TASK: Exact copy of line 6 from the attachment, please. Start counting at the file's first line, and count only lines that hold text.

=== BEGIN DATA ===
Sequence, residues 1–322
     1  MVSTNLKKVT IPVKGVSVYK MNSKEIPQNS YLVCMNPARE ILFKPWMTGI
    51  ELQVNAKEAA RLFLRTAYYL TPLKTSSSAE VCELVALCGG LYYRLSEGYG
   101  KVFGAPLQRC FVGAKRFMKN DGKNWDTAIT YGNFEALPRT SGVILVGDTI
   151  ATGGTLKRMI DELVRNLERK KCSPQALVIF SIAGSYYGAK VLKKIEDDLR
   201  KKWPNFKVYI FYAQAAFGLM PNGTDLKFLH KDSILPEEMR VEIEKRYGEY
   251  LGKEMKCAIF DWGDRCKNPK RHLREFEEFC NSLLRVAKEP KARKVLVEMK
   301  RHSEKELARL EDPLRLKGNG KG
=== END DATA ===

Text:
   201  KKWPNFKVYI FYAQAAFGLM PNGTDLKFLH KDSILPEEMR VEIEKRYGEY